Learn how to live more peacefully



‘What is truly a part of our spiritual life is that which brings us alive. If gardening brings us alive, that is part of our path, if it is music, if it is conversation… we must follow what brings us alive.’

Brother David Steindl-Rast, Benedictine monk

What brings you alive? Is it gardening, music, sport? Going for a run? Scrap-booking? Reading a novel? Cooking?

We often think of these things as hobbies, something to pass the time – in fact we literally describe them as ‘pastimes’. As if our life consists of work and other obligations, such as looking after our house and family. Then we need to take care of our bodies, through exercising perhaps or going to a yoga class. There is spirituality, which we might view as something structured and elevated, set apart from daily life. We try keep up with the news and social media and stay in touch with our friends and community. And, if there is any time left after all that, we might squeeze in a hobby or two.

And yet this so-called hobby might be the time we feel most alive. We are absorbed, passionate, fully engaged. When we meet someone who shares our passion we suddenly sit up more straight, our eyes light up, and we can spend hours in happy conversation.

It’s strange how we often dismiss other people’s passions – we might call them Sunday painters, musical wannabes, dear old nonna who loves to cook for the whole family. A successful chef with restaurants in London, Paris and New York is lauded, while little nonna in the kitchen perfecting her recipes with equal passion might be gently patronised. We don’t need to share the passion to appreciate how much it means for people to live their passion out.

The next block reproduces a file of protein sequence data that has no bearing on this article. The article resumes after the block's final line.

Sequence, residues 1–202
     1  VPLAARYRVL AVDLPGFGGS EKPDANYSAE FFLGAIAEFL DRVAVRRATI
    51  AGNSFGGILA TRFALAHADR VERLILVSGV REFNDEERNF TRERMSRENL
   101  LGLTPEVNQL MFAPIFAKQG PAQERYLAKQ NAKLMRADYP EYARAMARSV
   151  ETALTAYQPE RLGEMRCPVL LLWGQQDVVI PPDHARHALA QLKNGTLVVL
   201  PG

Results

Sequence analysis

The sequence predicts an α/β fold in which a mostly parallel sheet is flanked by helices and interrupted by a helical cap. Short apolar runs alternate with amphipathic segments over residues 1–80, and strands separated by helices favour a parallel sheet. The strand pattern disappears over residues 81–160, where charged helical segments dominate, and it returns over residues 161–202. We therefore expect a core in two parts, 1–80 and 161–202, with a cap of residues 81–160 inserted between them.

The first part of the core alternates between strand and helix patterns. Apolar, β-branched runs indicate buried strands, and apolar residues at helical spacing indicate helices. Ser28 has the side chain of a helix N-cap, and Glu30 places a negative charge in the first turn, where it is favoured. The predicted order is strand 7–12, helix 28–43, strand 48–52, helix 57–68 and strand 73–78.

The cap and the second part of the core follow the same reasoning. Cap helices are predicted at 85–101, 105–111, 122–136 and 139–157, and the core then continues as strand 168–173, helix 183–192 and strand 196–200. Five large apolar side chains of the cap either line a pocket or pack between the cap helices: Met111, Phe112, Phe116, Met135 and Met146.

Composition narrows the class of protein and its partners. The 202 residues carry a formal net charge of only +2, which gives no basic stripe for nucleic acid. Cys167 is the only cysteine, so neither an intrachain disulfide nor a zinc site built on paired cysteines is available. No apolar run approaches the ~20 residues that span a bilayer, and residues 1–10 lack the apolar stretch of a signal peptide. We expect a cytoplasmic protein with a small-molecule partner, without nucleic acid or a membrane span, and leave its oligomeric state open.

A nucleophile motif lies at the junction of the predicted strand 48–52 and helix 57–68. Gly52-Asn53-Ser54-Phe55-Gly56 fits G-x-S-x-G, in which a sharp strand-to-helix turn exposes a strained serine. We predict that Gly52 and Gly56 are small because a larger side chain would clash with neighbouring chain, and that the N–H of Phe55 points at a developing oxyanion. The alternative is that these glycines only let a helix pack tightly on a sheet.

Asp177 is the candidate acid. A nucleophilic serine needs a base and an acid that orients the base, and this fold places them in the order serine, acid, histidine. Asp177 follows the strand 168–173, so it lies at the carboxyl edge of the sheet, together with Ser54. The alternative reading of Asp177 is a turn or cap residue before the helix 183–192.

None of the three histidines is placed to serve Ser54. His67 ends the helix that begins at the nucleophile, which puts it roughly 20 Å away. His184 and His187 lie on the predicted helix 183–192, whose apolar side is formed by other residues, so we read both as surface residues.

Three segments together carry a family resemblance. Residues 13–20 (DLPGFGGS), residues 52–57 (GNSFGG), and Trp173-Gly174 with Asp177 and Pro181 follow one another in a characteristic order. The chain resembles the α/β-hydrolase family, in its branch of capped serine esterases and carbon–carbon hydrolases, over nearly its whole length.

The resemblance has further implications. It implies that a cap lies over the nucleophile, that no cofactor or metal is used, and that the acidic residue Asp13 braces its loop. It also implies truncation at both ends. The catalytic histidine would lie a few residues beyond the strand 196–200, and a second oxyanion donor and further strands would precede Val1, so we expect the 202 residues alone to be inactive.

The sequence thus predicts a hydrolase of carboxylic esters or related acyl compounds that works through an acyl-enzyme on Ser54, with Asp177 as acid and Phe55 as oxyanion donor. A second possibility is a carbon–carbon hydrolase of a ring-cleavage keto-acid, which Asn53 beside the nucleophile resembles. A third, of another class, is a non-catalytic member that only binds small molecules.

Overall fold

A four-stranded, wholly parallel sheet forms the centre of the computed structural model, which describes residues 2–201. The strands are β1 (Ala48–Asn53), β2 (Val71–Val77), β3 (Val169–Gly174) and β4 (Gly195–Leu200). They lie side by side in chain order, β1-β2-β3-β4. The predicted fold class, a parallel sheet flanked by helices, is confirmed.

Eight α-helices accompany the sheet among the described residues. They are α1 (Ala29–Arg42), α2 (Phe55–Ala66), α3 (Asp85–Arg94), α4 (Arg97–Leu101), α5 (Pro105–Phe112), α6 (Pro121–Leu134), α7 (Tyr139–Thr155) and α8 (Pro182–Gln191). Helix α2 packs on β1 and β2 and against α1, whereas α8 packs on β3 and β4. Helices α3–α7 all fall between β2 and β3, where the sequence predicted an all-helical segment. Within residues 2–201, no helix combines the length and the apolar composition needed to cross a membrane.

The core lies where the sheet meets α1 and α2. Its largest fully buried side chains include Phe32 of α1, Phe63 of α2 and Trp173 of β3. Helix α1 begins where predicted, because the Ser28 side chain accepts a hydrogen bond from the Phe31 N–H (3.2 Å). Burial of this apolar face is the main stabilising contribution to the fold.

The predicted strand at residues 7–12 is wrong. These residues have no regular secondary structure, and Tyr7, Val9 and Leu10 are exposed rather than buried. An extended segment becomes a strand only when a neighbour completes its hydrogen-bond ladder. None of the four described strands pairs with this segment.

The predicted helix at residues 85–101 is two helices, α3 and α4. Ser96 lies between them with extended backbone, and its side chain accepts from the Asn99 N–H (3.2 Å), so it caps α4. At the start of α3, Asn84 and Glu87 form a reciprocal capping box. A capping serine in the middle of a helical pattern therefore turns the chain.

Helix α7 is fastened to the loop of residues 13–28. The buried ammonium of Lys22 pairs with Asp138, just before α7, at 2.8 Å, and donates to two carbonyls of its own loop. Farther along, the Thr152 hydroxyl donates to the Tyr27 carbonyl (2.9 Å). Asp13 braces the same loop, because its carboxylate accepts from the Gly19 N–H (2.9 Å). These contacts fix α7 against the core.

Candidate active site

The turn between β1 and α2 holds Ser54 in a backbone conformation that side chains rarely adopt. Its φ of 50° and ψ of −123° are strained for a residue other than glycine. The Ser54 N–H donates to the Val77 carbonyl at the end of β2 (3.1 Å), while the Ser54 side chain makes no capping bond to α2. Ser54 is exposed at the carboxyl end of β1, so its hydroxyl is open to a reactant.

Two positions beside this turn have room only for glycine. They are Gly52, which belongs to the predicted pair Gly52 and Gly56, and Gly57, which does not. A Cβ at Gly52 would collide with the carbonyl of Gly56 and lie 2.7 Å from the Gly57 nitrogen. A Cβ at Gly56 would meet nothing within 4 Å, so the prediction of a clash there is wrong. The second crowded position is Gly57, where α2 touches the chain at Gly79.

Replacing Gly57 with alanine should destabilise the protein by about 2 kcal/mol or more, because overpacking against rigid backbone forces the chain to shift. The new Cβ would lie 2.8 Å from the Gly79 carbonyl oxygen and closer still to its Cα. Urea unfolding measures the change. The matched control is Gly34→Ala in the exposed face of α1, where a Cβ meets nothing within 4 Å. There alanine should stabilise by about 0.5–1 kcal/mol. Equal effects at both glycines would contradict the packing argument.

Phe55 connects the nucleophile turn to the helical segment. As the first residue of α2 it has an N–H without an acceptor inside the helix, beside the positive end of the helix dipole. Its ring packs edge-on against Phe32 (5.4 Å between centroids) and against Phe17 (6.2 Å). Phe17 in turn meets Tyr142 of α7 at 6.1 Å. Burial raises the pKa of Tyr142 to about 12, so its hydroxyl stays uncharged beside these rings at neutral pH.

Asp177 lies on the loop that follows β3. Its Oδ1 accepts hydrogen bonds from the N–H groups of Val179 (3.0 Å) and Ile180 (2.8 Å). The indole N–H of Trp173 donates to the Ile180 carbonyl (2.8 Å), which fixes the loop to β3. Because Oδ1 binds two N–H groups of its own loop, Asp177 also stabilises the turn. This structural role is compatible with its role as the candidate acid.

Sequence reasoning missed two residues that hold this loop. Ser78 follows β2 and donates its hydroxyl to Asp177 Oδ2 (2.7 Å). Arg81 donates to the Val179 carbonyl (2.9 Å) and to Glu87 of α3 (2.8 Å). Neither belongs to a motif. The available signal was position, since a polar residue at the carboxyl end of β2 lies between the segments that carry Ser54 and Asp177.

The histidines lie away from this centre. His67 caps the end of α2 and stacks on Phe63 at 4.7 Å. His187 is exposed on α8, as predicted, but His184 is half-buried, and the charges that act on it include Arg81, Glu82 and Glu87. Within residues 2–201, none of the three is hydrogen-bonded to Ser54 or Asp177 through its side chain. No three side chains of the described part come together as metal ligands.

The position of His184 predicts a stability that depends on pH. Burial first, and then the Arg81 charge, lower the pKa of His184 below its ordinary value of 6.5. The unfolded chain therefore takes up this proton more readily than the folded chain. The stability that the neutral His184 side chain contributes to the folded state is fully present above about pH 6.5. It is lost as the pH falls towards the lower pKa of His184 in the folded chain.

I love Steindl-Rast’s idea that those things which bring us alive are part of our spiritual path. In my work I often ask people – what do you enjoy doing? It’s wonderful to see people come alive as they describe their passions. Mindfulness is about bringing a sense of presence to our everyday life, to not distinguish between ‘special moments’ and ‘ordinary moments’. Many people talk about feeling that sense of being present most strongly when they’re in the garden, or listening to music, or going for a walk. If spirituality is about a sense of connectedness to something greater than our small, self-centered ego, where better to feel that sense of expanded connectedness than when we are engaged in something which brings us alive, and which moves us beyond our absorption with minor worries and concerns?

This is very different from the unhealthy obsession which causes us to neglect our obligations. That which brings us alive cultivates the best in us, and can indeed be a precious part of our spiritual path. Next week, we will look at ways we can bring more of this spirit into our everyday lives.

Weekly practice idea:

What do you enjoy doing? Write down a list of the top five. Then calculate how much time you actually spend with any of these in a given week. Do you allow much time for that which brings you alive?

Anja Tanhane